Sorry for the long answer, but the title of the question scares me, and brings visions of a world where few (nobody?) value textbooks anymore (the horror!). So I knew I had to jump in. This is my (a student's) perspective on why textbooks are important in a course.
textbooks are expensive [...]
As a computer science undergrad from India, I do sometimes feel a pinch in my pocket while purchasing particularly expensive textbooks. This rarely happens, however, since I view the money spent on textbooks as an investment for my education – much like the tuition fee for my university. Moreover, many authors (and sometimes universities) generously provide free PDF copies of textbooks online for personal use; for example Computer Vision, Deep Learning.
The textbook was huge (approximately 500 pages) whereas the lecture notes
were only 100 pages and really short and clean.
There are a couple of very simple reasons for this. Firstly, A (good) textbook is written in a manner in which new material is introduced gently, giving background information and building the idea from the ground up which makes the concept seem simple and intuitive. For instance, in our course on compilers, we use the legendary Dragon Book, which when read judiciously builds up complex ideas from scratch in a manner that makes them seem trivial, when they are obviously not. (To appreciate this – if you have done computer programming before, and find it hard, consider how hard it must be to write a program that can correctly decode a general computer program to make the computer understand what to do).
Secondly, I don't know which course you study, but if it is something that can have a strong mathematical background (such as CS), then I doubt if your instructor's notes will do justice to the material in terms of elucidating the underlying proofs, analyses, etc. In a subject like CS where these aspects are crucial parts of the material, omitting them for the sake of simplicity doesn't seem like a good idea. The notes are an aid to learning, they are not a replacement for the textbook.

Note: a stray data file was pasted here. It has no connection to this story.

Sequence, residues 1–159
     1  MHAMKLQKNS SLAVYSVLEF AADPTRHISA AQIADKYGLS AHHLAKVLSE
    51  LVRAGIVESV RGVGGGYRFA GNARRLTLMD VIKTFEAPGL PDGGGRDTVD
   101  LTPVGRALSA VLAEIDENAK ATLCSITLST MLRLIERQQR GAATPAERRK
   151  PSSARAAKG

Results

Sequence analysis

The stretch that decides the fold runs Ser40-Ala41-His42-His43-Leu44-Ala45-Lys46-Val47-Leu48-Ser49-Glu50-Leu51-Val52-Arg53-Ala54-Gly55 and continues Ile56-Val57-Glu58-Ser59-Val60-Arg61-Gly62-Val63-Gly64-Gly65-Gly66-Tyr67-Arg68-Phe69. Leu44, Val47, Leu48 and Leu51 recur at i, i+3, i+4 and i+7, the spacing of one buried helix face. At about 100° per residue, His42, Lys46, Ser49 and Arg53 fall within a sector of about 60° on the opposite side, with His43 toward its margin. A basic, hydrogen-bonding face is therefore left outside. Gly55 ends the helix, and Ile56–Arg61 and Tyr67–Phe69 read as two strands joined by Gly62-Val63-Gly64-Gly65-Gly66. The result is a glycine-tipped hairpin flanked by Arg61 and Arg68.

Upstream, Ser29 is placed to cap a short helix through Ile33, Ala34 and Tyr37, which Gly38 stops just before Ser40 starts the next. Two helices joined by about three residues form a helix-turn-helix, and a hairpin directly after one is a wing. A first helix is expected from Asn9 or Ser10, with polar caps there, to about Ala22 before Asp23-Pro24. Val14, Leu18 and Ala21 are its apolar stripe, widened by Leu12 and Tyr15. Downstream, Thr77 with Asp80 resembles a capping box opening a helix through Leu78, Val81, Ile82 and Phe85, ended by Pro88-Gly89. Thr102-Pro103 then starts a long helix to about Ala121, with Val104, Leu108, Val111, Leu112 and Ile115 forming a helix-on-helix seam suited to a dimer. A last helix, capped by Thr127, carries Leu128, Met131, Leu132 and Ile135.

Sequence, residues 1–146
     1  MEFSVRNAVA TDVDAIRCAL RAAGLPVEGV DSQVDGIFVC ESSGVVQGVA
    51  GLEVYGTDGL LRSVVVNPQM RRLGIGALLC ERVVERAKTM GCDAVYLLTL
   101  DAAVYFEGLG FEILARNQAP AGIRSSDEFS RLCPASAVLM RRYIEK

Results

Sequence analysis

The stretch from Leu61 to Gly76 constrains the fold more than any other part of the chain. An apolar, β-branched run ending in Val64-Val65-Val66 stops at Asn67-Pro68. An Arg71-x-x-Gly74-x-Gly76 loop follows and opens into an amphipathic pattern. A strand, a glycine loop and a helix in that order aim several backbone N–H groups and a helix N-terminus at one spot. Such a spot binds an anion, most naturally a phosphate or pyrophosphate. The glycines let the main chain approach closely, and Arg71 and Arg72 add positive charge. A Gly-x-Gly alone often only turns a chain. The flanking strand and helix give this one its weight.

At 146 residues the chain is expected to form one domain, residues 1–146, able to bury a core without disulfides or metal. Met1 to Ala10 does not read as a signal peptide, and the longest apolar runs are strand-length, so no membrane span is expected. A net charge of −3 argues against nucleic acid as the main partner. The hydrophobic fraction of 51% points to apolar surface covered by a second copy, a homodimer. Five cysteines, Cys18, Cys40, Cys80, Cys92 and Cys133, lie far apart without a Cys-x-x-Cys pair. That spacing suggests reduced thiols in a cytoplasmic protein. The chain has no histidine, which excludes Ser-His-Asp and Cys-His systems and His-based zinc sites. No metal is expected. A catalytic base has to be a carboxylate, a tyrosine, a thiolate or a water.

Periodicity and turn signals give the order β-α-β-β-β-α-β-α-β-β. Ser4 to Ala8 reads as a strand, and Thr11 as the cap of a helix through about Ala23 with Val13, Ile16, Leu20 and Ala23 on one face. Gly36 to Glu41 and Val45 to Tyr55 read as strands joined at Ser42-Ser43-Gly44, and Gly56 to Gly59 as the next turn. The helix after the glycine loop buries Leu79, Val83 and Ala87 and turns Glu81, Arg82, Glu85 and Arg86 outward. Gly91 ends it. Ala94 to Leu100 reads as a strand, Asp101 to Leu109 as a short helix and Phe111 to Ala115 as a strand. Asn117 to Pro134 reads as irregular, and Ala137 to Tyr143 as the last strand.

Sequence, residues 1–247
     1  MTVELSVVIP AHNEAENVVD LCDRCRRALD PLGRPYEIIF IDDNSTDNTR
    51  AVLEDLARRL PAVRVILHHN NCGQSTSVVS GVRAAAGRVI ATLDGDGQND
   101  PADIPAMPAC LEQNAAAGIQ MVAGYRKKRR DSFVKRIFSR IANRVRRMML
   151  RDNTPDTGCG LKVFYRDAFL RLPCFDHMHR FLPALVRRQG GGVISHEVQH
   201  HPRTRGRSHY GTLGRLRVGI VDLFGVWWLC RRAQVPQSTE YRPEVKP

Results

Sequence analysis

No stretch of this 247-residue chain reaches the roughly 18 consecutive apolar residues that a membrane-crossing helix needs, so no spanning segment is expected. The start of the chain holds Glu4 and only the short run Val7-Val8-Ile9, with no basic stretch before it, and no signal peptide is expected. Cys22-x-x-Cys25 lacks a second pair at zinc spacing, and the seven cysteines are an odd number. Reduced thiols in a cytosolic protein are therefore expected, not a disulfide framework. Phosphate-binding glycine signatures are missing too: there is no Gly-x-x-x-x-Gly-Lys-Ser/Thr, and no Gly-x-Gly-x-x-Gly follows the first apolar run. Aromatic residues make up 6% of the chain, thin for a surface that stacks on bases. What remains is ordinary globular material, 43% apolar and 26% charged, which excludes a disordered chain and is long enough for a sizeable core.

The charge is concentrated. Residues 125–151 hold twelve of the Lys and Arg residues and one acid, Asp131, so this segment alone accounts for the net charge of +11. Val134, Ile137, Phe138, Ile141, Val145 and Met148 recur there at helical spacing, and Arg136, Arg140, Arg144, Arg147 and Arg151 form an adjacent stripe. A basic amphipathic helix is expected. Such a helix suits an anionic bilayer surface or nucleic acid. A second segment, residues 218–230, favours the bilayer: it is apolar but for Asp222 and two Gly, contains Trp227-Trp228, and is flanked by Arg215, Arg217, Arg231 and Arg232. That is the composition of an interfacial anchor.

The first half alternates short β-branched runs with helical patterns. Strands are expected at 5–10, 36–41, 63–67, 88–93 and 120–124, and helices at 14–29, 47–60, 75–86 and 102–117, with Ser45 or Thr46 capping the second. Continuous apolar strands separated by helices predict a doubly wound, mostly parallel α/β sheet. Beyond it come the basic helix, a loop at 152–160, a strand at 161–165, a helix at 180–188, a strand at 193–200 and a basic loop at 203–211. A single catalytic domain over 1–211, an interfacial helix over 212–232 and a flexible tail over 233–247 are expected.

During my studies, I rarely used the textbook but relied on the notes
and I think that I just did fine.
That is very common, unfortunately. Although I always read the textbooks for all classes I take (I love textbooks :D), I am often not among the top scorers in a course. My observation is that this is because most of the top-scoring students in a course do not study the material, they study for tests. They restrict themselves to instructor's notes and test questions from previous test papers to prepare themselves for tackling the test well. They do not spend time in building the ideas from basics, which is what textbooks are for.
textbooks are huge (about 500 pages) so students prefer to use notes
which is clean, short, and summarized
As Dirk mentioned, that's not really true.
It is true that during an academic session, a student studies for a
particular subject, but he may forget some of the material so he needs
to study it again few days before the exam. Studying a 500 pages
textbook few days before the exams is practically impossible [...]
As Dirk mentioned, it is not impossible to revise smartly from textbooks using the index, etc. But my personal opinion on this is that textbooks are sometimes not very efficient for revisions / studying for exams. For these, your own notes (made during lectures or while reading the textbook) or your instructor's notes can be a useful aid (not a replacement).
The only benefit of the textbooks that I can tell is that if you find
a particular concept unclear, you can look at the textbook for
That is not the only benefit of textbooks! As I mentioned earlier, (good) textbooks provide context to the material, they are responsible for building ideas, not simply providing information. In my opinion, if you really want to understand and appreciate a subject, then this deep, contextual learning by building new ideas over old ones is an important journey – and an enjoyable and fulfilling one too!
If they struggle with a particular concept, they go to the office
hours of the instructor and ask for clarification
Perhaps this is not a problem with you, but I (and many of my peers) have often suffered due to the lack of a qualified instructor for a subject. During such times, textbooks have been the guiding light for many students like us. It was during times like these when I realised the value of textbooks.
Finally, a good textbook is usually written by a person well experienced in the field, for the sole purpose of explaining the material to the reader. If you do have the opportunity to meet such an expert in person, who has the time, patience, and skill to frame his thoughts in a simple and coherent manner, then do go talk to him – but still save your textbooks because you can read them again and again over a period of years ;).